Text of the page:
The Missing – a tale of two families

Alison Shannon, IWM North

Alison Shannon is a Museum studies graduate student at University of Manchester completing a work placement to digitally document the handling collection related to First World War soldiers at IWM North.

Here she shares one of the moving stories that she has encountered.

A SOLDIER’S DIARY is both a challenging and exciting task for a museum studies student. It is an object that is so symbolic and representative of an individual’s experience.

THE FIRST PAGE OF WILLIAM COCHRANE'S DIARY instructing that it should be returned to his wife, Harriet at their address if found.

THE FIRST PAGE OF WILLIAM COCHRANE’S DIARY instructing that it should be returned to his wife, Harriet at their address if found.

The challenge lies not only in the practical difficulty of deciphering 100 year old faded pencil handwriting, but the emotional weight of reading about those difficult experiences. Especially when you know the writer will not survive the war.

In the IWM North handling collection I had the privilege of encountering the diary of Corporal William Joseph Cochrane with entries from the beginning of his service, July 31st to October 22nd, 1915.

One particular entry led me on a journey.

The entry for Sunday 29 August 1915 reads:

“A beautiful morning very quiet. Heard about Bob Leake. Bled to death unable to bury him owing to shrapnel. Died sat up. God Bless his soul.”

In the handwriting you can see that he had crossed out the word ‘your’ before he wrote ‘Bob Leake’.

Later while searching for records, I found that Cochrane was married to a woman called Harriet and her  maiden name was Leake.

I wasn’t sure what the relation was but the inclusion of the word ‘your’ was touching, meaning that he was thinking of writing to his wife before he realized it was only his diary.

WILLIAM AND HARRIET and their young family. He wears his Army uniform and proudly shows his Corporal's stripes.

WILLIAM AND HARRIET and their young family. He wears his Army uniform and proudly shows his Corporal’s stripes.

With this information I took to the archival records armed with only a name and death year.

But I was able to find him.

Sergeant Robert Francis Leake of the 1/8 Battalion Manchester Regiment was killed in action in Gallipoli on June 4 1915 not far from where Cochrane himself was stationed. His name is recorded with 20,905 others on the Helles Memorial on the Gallpoli Peninsula.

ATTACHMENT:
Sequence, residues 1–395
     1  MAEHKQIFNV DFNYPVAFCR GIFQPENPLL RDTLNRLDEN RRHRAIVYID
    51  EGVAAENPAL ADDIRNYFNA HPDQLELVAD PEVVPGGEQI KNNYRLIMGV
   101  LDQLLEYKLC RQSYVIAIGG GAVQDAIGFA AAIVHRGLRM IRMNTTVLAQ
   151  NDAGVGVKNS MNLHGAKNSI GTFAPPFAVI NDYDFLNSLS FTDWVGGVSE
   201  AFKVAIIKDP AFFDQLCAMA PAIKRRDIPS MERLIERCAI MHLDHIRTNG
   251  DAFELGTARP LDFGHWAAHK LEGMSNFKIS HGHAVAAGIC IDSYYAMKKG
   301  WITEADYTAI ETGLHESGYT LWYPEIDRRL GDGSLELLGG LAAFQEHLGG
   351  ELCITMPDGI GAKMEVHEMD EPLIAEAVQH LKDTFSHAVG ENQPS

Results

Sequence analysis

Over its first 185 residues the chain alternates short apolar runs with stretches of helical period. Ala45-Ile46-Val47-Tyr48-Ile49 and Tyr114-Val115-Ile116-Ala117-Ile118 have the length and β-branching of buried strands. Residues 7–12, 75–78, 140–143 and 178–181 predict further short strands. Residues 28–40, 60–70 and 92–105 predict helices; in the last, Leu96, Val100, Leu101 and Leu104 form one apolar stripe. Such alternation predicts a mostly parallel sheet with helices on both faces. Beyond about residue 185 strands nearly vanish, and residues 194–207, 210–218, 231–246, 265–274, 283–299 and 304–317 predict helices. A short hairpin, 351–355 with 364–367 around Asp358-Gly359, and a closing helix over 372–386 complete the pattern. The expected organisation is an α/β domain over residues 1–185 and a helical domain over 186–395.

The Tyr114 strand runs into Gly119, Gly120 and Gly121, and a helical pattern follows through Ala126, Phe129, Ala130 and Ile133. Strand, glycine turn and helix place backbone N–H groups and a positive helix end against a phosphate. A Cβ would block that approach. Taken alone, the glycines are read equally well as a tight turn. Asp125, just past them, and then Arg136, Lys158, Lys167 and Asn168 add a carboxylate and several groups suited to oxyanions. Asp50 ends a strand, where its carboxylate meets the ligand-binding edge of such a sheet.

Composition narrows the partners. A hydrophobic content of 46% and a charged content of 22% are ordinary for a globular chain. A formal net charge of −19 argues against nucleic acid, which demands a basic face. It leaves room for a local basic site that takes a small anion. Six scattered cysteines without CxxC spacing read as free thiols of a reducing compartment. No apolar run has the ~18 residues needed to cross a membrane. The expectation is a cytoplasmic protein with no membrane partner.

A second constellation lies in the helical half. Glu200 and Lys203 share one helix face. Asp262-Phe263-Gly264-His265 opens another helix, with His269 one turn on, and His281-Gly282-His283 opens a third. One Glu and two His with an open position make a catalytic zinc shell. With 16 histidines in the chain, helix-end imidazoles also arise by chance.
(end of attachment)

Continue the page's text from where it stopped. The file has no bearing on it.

Following that, I was able to find a census record which identified Robert Leake as Harriet Leake’s oldest brother. Cochrane was imagining writing to his wife, with her heavy on his heart, perhaps desperately wishing he could be there to console her about her brother’s death.

Robert Leake is commemorated on the Helles Memorial in Turkey. He was 36 years old.

While transcription can be difficult and searching through records can be extremely frustrating, moments like this make it so rewarding and fulfilling.

To be able to empathize with two people long gone; Cochrane, writing in his diary about the death of his brother-in-law, and Harriet, feeling the grief of losing a brother.

Reading the diary was made even more tragic as I knew that one year later Harriet would lose her husband as well.

Corporal William Cochrane was killed in action on the Somme on 7 October 1916 while serving with the 12 Battalion The King’s (Liverpool) Regiment.

This knowledge made it incredibly painful to read entries like, “Heard about the terrible nature of the battles from our boys most of whom are killed, wounded or missing. It is awful hope + pray we come through alright.” and “Always thinking of home sweet home. It will be sweet when we get home which I hope to do + I pray every day to our maker to guard my life as he is the only one who can”.

His is one of the 72,338 names commemorated on the Thiepval Memorial to the Missing in France.

Tracing back through records, following the connections between people (wife, husband and brother) is a profound reminder of the bonds we all form as human beings and the immortality of those relationships that endure over 100 years later through the brief and simple words of a diary.

Further information

More details of the lives of Robert and William – and almost eight million others – can be found at IWM’s Lives of the First World War project.

The project has now closed, but we will preserve all the wonderful contributions made as a free-to-access permanent digital memorial, available from June 2019 on iwm.org.uk.

In addition the Commonwealth War Graves Commission has details of the respective Memorials to the Missing where each man is commemorated.

In addition the Commonwealth War Graves Commission has details of the respective Memorials to the Missing where each man is commemorated.

William can be found by searching https://www.cwgc.org/find-war-dead/casualty/761073/cochrane,-william-joseph/ and Robert’s details are at https://www.cwgc.org/find-war-dead/casualty/690227/leake,-robert-francis/.

All links retrieved 5 March 2019.